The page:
Readers might ask then, how could a person possibly get away with doing so much auditing without notice? That is where the negligence of senior staff and officials come in. There was only one network administrator on the premises who was only passively monitoring the network. For example, he would only respond when a problem arose by someone reporting an issue with the network or something obvious, ie: The telephone network suddenly shutting down. It is next to impossible for one over worked and under paid administrator to handle such tasks, which is why it is almost always too late to take action before damage has been done. Floor staff were busy with inexperienced agents on the phone and Team Leaders busy doing everything BUT monitoring calls. It was pretty easy to profile the Team Leaders to know when it was safe to audit and when not to. If a person with malicious intent had the time and the creative know how, one could have logged into the administrative panel on the software (will not disclose) used to manage calls and place recorded calls into the queue so that it would not only show a person always in a call, but when anyone wanted to listen in to the call, it could be heard by the third party and be non-suspecting. Sometimes certain features of a particular software can be exploited. Yes, these recordings were accessible on a hidden share. Hiding something is NOT secure. Simple network browsing software can and will find them. After that, simple scripting can handle the rest. Picking a time slot for my schedule was essential as well. Non-busy time blocks were essential which meant very few agents, very few calls and a nearly completely empty building. Computers, themselves were not physically secured and the side panels of the computers were only secured by zip-ties. Armed with anything that can cut a zip tie, be it a file nail, scissors, a nail clipper, and a screw driver, one could easily remove the hard drive and any other component. With a nearly completely empty building, computers themselves could be removed. There have been thefts.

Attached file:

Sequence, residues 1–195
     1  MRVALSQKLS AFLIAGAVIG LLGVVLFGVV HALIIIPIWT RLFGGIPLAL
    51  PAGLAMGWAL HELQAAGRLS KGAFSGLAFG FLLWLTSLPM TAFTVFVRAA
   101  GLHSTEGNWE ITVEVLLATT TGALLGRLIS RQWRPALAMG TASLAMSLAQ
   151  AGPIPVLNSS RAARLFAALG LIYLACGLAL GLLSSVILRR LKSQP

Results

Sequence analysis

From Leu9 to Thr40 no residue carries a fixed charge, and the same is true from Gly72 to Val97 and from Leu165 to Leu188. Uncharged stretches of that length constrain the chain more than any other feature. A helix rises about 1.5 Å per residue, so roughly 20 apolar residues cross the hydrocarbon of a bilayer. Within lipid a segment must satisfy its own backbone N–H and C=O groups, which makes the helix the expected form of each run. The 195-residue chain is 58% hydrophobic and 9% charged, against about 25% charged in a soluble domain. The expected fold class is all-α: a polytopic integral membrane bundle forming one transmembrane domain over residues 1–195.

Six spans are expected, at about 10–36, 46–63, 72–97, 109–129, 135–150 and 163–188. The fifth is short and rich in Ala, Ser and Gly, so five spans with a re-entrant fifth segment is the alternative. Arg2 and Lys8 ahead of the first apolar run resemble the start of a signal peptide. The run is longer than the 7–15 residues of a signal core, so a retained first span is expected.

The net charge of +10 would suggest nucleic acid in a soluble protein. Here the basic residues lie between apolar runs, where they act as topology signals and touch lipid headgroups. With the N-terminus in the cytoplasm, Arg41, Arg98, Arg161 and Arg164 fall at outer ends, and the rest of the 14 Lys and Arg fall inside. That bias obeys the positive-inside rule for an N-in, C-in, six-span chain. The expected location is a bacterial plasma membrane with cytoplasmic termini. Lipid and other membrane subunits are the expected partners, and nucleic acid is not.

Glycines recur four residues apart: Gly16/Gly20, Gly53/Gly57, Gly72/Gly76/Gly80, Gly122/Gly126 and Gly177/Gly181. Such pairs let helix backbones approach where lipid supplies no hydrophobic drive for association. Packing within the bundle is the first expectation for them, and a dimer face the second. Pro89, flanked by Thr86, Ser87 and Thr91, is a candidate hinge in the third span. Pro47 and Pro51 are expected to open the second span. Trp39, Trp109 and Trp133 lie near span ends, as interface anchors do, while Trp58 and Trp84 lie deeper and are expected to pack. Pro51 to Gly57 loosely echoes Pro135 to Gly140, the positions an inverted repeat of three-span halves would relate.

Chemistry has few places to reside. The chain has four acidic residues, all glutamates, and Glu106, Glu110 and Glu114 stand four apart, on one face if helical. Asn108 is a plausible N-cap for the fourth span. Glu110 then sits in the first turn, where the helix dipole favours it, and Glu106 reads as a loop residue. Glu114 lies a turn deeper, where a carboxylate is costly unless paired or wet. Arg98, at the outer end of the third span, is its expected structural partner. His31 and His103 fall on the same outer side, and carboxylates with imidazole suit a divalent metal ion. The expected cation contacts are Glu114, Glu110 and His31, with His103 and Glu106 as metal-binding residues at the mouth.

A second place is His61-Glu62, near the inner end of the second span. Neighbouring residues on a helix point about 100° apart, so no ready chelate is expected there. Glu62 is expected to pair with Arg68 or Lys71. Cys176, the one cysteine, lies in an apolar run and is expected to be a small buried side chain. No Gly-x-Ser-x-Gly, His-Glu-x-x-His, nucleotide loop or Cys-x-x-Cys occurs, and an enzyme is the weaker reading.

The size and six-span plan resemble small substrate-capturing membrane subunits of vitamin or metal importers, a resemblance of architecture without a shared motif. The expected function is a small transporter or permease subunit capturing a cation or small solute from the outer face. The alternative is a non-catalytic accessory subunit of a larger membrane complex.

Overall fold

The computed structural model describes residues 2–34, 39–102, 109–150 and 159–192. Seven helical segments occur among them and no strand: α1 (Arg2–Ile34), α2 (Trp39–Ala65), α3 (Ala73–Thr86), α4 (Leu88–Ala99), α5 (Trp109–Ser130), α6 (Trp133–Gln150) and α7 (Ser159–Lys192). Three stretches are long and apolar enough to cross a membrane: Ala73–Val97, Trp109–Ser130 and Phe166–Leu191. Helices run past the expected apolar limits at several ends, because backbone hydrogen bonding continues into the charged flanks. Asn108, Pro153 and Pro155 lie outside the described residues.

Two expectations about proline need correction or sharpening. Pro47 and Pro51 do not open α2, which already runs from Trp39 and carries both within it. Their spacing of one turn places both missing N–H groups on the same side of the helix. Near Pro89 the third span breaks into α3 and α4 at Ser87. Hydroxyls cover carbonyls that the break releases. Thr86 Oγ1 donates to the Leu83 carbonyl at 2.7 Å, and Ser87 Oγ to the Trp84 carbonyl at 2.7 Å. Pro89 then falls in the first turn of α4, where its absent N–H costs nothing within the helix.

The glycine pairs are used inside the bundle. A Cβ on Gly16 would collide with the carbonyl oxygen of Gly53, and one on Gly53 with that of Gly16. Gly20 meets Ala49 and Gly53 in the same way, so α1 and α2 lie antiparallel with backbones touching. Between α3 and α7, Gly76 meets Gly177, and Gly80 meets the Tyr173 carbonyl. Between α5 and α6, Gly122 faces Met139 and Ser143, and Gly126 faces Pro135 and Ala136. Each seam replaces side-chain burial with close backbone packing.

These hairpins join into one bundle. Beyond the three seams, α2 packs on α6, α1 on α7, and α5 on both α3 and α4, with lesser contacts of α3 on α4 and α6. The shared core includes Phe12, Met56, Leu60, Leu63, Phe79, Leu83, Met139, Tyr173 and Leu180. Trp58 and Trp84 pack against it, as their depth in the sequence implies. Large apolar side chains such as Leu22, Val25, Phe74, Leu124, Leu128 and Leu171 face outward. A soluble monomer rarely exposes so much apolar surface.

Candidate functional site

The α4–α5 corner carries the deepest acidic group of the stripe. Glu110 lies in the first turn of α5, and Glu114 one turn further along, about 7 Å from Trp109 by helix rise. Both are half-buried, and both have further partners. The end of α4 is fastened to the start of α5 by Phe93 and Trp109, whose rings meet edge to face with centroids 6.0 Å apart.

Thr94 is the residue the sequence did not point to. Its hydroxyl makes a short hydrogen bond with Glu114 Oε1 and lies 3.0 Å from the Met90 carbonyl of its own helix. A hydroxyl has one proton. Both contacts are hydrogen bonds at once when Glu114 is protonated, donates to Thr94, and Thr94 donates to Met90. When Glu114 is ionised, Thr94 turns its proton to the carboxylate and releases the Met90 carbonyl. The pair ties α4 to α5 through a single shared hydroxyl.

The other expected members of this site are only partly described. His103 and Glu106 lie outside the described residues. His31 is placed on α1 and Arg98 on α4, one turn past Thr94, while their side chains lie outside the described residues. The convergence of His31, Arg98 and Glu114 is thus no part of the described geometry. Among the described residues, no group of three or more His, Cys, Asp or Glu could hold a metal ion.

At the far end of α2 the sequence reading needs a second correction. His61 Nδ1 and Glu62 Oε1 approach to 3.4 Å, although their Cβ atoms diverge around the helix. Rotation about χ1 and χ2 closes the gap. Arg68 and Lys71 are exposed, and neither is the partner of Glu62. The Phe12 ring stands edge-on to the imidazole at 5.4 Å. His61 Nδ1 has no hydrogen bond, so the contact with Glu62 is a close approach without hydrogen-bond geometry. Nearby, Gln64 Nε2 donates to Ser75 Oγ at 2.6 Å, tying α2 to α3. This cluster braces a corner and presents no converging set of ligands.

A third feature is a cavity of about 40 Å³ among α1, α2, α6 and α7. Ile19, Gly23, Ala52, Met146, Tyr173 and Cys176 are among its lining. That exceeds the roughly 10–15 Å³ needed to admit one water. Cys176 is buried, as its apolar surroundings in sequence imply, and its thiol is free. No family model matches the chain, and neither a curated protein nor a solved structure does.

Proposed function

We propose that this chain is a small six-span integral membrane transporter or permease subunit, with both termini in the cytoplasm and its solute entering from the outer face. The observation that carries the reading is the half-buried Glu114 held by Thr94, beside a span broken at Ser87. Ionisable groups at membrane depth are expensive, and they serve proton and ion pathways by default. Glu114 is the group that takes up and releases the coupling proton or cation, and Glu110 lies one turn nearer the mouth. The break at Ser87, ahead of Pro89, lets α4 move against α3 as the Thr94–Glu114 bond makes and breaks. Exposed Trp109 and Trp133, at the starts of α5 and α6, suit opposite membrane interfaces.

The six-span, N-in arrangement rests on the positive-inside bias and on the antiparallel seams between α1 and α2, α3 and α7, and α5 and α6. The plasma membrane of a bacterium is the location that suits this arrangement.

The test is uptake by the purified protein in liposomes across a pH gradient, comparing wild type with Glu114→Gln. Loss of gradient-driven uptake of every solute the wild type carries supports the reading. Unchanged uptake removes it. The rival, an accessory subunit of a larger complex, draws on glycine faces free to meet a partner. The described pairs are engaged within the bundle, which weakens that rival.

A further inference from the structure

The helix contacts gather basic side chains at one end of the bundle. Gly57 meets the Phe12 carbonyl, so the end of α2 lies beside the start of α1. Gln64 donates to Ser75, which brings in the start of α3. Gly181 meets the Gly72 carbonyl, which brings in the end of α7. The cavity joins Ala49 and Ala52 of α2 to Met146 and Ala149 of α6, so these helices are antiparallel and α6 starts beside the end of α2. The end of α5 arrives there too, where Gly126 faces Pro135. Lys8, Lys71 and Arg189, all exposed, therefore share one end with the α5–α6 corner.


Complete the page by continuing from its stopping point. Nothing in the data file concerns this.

The most shocking discovery was that the company’s building security was on the same network and accessible, potentially viewing all security camera’s (as they are not Closed-Circuit) and completely shutting down all building security. If this was the case at the time, then security access to all centers would have been possible. Does anyone see the dangers here? If you are going to have building security systems on a network, it should always be on it’s OWN network with it’s own networking hardware and if that’s not financially possible, then at the very minimum, on it’s own virtual network.
Because there was no immediate access to the hardware, key cards could not be tested, but I could only fathom the notion that the information on the key cards were not encrypted/protected either, allowing a person to write information onto a similar compatible card, granting unsuspecting access to the entire building, entering and leaving at will.
Are the clients of Convergys even aware of such vulnerabilities? Did Convergys know they are playing with fire and how much damage this can do to not only their business, but their name as well? What about the shareholders? What about the American people, who entrust their company with their personal information? They are even more fragile now with all the leaks about the NSA illegally monitoring their own citizens.